Leaving Lockdown – Learning To Listen

We are surrounded by noise, whether it is the noise of people around us, the constant noise of technology, the noise of kitchen appliances, the noise of cars and trucks, emergency vehicles, planes and trains.

There is noise everywhere and perhaps that is why we become less good at listening… listening to each other, listening to our children, listening to ourselves. 

Just like it’s harder to hear the sounds of nature around us, the song of a bird or the cry of a fox, it’s harder for us to tune in to other people or our own ‘voice’.


On top of everything else, over the last 15 months, as we’ve lived through lockdown after lockdown, we may have been so unsettled, anxious and worried about everything that perhaps we’ve been less inclined to just listen.

Less able to mute the concerns that have dominated our thinking and to just listen…

Listening to each other
The world, and indeed our own country, is filled with conflict.

People taking ‘sides’ and being unwilling or unable to listen to different views, different perspectives.

If you believe what I believe you are ‘right’, if you believe something else you are ‘wrong’ and in many cases the vitriolic real life ‘slanging match’ or online ‘pile on’ that follows is horrible to witness.

Whether it’s politics, equality, the response to COVID-19, or a hundred other fault lines that have divided us, those divisions run deep.

We seem to have lost the ability to listen to someone who thinks differently to us, who is in a different ‘tribe’.

To respectfully discuss alternative points of view, to be willing to learn and maybe even to change our minds.

In many cases our identity becomes enmeshed with our strongest held views. Is this healthy? What does this do to our mental health? What does it do to our relationships with other people? What does it do to our society? What example does it set for our children?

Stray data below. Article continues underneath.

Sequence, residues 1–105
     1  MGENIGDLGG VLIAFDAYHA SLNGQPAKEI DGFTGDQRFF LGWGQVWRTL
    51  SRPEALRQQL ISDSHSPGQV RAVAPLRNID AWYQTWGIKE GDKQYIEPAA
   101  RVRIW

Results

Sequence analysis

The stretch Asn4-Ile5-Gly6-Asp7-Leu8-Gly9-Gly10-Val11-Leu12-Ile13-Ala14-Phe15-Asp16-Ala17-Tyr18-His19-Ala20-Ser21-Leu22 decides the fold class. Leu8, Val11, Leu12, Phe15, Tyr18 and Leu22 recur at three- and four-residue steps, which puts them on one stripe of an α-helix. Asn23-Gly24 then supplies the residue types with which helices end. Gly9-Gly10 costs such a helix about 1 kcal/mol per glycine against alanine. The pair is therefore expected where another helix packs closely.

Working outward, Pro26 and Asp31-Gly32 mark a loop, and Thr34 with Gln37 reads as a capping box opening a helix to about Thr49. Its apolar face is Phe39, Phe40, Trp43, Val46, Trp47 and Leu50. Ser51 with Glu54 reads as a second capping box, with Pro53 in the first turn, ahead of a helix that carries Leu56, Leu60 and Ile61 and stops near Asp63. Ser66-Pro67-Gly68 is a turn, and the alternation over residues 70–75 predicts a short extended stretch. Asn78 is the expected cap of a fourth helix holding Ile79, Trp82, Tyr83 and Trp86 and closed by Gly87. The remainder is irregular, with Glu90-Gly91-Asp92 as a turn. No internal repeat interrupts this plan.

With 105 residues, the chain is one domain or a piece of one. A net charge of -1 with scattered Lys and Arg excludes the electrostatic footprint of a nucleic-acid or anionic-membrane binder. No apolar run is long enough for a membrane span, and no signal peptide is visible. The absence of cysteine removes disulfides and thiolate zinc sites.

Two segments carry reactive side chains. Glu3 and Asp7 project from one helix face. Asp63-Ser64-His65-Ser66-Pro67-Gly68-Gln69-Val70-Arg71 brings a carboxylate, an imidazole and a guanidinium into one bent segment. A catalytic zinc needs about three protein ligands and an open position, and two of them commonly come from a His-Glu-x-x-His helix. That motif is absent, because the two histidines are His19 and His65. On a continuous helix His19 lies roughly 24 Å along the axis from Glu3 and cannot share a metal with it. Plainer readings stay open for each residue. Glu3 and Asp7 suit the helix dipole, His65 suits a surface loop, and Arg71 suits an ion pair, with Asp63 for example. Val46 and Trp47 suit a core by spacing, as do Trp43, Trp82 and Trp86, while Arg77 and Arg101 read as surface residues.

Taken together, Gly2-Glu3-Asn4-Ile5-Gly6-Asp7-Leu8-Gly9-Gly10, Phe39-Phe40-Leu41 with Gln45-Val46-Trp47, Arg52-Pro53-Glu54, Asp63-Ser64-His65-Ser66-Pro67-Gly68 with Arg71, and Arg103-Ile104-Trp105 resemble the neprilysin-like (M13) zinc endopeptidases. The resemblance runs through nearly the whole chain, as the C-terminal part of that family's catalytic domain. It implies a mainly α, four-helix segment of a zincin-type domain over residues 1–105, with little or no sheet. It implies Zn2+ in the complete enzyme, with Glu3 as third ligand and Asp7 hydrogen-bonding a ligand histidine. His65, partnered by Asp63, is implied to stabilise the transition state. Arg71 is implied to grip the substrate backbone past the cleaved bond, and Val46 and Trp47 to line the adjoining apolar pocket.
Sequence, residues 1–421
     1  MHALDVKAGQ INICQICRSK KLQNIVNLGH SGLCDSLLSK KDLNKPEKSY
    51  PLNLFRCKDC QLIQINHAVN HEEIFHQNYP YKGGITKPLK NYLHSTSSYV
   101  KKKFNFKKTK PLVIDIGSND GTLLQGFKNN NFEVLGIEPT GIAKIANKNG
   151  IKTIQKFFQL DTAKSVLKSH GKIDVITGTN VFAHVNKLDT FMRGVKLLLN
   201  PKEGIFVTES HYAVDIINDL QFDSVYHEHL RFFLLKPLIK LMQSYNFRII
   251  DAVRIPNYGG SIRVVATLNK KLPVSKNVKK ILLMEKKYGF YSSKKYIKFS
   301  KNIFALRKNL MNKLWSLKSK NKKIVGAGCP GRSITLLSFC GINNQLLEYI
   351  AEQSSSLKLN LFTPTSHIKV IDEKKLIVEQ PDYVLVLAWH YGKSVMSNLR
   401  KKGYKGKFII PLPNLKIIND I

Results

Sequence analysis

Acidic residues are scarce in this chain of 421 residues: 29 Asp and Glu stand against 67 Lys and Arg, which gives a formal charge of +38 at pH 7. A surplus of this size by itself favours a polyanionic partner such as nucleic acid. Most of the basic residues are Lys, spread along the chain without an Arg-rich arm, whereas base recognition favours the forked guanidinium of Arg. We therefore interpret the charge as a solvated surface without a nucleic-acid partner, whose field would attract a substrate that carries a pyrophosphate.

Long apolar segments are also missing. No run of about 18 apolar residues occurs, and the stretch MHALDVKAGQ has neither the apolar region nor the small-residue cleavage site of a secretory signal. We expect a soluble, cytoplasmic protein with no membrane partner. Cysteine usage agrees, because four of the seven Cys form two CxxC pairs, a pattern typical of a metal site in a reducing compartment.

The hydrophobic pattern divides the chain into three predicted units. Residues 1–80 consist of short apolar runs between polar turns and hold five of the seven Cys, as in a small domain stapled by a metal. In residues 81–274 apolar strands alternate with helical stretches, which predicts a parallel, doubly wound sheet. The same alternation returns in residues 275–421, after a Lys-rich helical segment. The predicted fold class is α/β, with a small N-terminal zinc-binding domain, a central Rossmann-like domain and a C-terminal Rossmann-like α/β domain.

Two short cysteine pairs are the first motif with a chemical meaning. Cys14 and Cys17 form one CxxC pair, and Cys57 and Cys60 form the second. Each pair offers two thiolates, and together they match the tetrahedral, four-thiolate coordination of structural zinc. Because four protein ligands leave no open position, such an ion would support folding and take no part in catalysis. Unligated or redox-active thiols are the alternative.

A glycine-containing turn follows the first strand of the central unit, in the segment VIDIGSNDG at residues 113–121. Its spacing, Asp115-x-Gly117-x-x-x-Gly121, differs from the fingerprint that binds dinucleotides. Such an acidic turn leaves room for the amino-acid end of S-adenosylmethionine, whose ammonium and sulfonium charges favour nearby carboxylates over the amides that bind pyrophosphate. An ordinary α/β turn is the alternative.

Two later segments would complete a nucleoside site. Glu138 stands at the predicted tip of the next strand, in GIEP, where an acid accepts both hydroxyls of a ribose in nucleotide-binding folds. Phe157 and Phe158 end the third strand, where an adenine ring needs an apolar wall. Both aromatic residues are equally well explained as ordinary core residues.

Listening to our children
Our children’s voices seem to have been lost more than most over the last 15 months or so, especially children with additional needs.

They struggle to understand the rage that people show when someone disagrees with them; they can’t easily comprehend that the pressures of the last 15 months have been hard for many people to keep in.

But they have experienced great pressures too, a loss of school time, separation from family and friends, being shut indoors for months on end, their screens becoming their closest companions.

The mental health toll on our children has, and continues to be, massive.

Are we listening to them, really listening?

Reading the signs in their body language and facial expressions, their reluctance to do things, their withdrawal?

Although bit by bit we are returning to the ‘new normal’, for our children this is still a huge change.

Are we listening to their worries, treating their concerns seriously, supporting them and being there for them even though we are struggling ourselves?

Listening to ourselves
With all that is going on, that little ‘inner voice’ inside of us can be drowned out.

The plaintive cry of “I’m exhausted!” goes unheard, or worse, ignored.

We keep on keeping on until we collapse, having long since gone past ‘empty’ on our physical and mental health fuel gauge.

We think that we ‘can’t’ slow down, we ‘can’t’ think about ourselves, we ‘can’t’ do some self-care… we’re just ‘too busy’, and ‘too many’ people depend on us.

But what good are we to anyone when we’ve finally hit that brick wall that is the inevitable destination if we don’t listen to ourselves.

What will happen if we wake up one morning and just can’t get out of bed, no matter how hard we try?

What will the people who depend on us do when we’ve experienced a physical or mental breakdown? When we’re the ones who become dependent on others?

Friends, let’s listen better; let’s listen to each other, let’s listen to our children, let’s also listen to ourselves.

We might be easing slowly out of lockdown, but if we don’t listen what kind of a world are we emerging back into?

Let’s learn to listen well, and learn to respond well to what we hear.

Peace,

Mark

About Mark Arnold

Mark heads up Urban Saints pioneering additional needs ministry programme and is co-founder of the ‘Additional Needs Alliance’, a learning and support community. He is a ‘Churches for All’ partner, a member of both the ‘Council for Disabled Children’ and the ‘Living Fully Network’, and serves on the executive for ‘Children Matter!’ Most importantly, he is dad to James, a 17-year-old Autistic boy with Learning Difficulties and Epilepsy.

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